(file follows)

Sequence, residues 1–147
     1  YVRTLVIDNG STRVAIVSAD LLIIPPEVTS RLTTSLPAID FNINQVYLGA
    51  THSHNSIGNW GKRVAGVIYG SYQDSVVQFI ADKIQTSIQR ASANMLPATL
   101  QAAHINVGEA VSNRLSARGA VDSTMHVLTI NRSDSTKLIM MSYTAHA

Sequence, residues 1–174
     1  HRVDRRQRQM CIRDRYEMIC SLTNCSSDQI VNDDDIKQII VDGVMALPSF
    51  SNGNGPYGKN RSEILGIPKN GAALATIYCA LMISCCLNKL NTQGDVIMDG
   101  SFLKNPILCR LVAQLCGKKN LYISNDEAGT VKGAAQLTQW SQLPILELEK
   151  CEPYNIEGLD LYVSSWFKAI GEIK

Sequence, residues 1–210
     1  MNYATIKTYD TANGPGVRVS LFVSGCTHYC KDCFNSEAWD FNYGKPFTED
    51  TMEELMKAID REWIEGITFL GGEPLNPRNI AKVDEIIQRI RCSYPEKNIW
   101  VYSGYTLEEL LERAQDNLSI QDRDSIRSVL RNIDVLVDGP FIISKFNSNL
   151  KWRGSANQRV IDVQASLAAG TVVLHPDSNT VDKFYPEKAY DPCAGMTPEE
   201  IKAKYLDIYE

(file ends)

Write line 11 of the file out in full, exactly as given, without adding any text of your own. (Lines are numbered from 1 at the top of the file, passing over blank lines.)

     1  MNYATIKTYD TANGPGVRVS LFVSGCTHYC KDCFNSEAWD FNYGKPFTED